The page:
The film makes the audience relive (or imagine reliving) that experience of the war, makes them feel the suspense and terror of the air raids, the despair of defeat, gives them characters to pity and identify with and thereby pity themselves. Victimization consciousness qua ideology is not just a dry matter of instructing the audience in what historical facts are important and which are not and how the important ones are and aren’t to be interpreted. It is a matter of constructing the lived, emotional, existential orientation of the subject in relation to history—an orientation that, despite its constructedness, feels natural and spontaneous, not intellectualized and rote. It is a matter of regulating pleasure and enjoyment—of conditioning the audience to enjoy the masochistic pleasures of victimization fantasies rather than the real, radical pleasures of rebellion. Filmgoers know that movies do not give them historical truth, but this does not stop them from learning history through the movies anyway.
Godzilla also provided a catharsis by making the relief of defeating Godzilla coincide with the symbolic purging of the war in the resolution of the film’s love triangle subplot. The subplot goes like this: At the start of the film, Takashi Shimura’s daughter, played by Momoko Kochi, is betrothed to Akihito Hirata’s mad scientist World War II veteran but is in love with a humble ship salvager played by Akira Takarada. Hirata wears an eye patch because, we are told, of a war injury. He is scarred by the war, and he is a scar of the war. There is something intense, even crazed about him, a painful excess of affect. He is a social scar. His very existence prevents the happiness of the young couple and unnerves the world. So the war veteran removes himself from it and goes out kamikaze-style, staying behind to detonate the super-weapon that destroys Godzilla so that no one can learn the weapon’s secret.
The film has its cake and eats it too: it is critical of the war while honoring dead soldiers while also consigning them to the past: We can honor them as long as honoring them means that they have no place in the New Japan. Reifying the war dead while relegating them to a closed historical period is a particularly helpful maneuver if you want to incorporate their surviving comrades into the newly formed police and armed forces.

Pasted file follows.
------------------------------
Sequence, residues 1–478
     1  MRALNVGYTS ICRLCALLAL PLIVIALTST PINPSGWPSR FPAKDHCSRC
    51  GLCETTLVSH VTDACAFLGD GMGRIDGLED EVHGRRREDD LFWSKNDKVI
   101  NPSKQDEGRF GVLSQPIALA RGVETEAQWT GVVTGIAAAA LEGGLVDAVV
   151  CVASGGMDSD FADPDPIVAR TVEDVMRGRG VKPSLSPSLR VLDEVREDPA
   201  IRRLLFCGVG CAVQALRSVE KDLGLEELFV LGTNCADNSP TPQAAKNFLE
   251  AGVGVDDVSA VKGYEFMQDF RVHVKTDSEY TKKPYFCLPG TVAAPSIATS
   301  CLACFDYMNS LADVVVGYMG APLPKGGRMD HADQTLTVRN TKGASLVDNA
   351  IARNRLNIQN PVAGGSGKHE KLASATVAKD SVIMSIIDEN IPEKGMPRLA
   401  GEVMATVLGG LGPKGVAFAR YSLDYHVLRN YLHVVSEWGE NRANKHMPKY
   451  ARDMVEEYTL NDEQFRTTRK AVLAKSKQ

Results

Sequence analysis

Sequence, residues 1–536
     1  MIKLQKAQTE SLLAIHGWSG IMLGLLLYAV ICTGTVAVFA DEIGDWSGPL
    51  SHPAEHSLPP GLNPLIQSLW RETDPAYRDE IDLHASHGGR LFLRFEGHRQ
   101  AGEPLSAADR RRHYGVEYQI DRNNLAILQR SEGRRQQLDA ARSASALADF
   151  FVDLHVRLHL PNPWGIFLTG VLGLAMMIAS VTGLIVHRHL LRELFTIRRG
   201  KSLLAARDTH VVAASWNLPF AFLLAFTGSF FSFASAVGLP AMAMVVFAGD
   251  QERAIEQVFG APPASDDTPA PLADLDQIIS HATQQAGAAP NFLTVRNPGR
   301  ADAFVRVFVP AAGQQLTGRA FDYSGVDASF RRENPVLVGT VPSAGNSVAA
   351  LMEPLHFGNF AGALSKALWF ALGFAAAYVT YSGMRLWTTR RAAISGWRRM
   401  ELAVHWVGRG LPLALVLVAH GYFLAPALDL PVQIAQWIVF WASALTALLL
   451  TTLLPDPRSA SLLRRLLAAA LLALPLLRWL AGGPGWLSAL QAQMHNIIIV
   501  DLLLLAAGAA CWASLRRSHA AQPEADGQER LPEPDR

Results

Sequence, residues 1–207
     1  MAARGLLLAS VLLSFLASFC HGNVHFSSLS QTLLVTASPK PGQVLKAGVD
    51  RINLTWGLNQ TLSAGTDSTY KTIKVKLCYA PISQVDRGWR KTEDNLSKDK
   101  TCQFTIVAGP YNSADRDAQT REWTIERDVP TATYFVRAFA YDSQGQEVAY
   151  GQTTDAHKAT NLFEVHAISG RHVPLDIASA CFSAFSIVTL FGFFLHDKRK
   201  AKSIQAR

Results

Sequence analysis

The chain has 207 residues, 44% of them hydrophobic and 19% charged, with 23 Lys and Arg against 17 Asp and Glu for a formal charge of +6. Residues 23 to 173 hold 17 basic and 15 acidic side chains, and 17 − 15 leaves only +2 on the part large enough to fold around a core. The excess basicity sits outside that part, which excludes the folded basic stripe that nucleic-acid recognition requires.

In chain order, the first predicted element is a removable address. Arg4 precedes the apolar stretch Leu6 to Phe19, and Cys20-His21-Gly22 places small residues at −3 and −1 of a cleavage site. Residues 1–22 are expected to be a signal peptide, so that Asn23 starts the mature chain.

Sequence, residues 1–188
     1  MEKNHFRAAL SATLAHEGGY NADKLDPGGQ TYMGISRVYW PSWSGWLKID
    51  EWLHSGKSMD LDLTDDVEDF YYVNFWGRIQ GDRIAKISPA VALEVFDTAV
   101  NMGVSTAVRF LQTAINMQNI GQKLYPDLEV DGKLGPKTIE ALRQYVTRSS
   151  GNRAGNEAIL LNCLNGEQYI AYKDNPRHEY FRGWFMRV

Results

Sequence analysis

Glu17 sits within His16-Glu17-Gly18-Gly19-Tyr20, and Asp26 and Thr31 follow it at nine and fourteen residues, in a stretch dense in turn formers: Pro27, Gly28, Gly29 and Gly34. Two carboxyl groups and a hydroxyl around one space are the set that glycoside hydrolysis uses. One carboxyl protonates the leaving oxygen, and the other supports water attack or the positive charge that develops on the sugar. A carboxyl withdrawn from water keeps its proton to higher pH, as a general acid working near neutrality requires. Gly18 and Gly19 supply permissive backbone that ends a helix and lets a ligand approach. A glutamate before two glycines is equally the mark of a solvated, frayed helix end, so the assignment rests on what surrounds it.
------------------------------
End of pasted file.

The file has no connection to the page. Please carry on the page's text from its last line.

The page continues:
So Godzilla-as-exorcism has a function of building complacency through a cathartic experience of reliving/ideologically reimagining the horrors of WWII, leaving the audience feeling that they and “Japan” were victims of the war. But Godzilla-as-exorcism also requires that WWII function as an exorcism. Japan, in this way of thinking, learned the way few nations have the price of fascism, and are in a unique position to warn the world about it. This is the general message of the Hiroshima Peace Memorial, for one example, and it’s the implied message in Godzilla when Takashi Shimura’s character talks about “we Japanese” having the unique opportunity to benefit mankind by studying Godzilla.
Peter Y. Paik in his brilliant little book From Utopia to Apocalypse: Science Fiction and the Politics of Catastrophe sees speculative narratives as a kind of training, or a dramatization of ethical thought experiments. Godzilla depicts and to a certain extent even enacts a failure to learn, but it’s ambiguous enough, and its speculative topic matter gives it a sufficient distance from the real, that it’s not merely pessimistic or symptomatic. The failure to learn depicted in it may itself be instructive.
Almost seventy years removed from the end of World War II, however, we’ve witnessed the Japanese government’s farcical reenactment of victimization consciousness in its response to the Fukushima disaster. Replete with government handwringing over its helplessness in the situation, cover-ups of the extent and danger of the radiation, the fomenting of right-wing anti-East Asian nationalism, and suicidal ideological projects like “Eat and Support Fukushima” in which the government buys irradiated food for its stockpiles and volunteers among older and thus “less radiation susceptible” Japanese eat Fukushima products for the good of the agricultural district, it seems rather clear which Godzilla has taken Tokyo.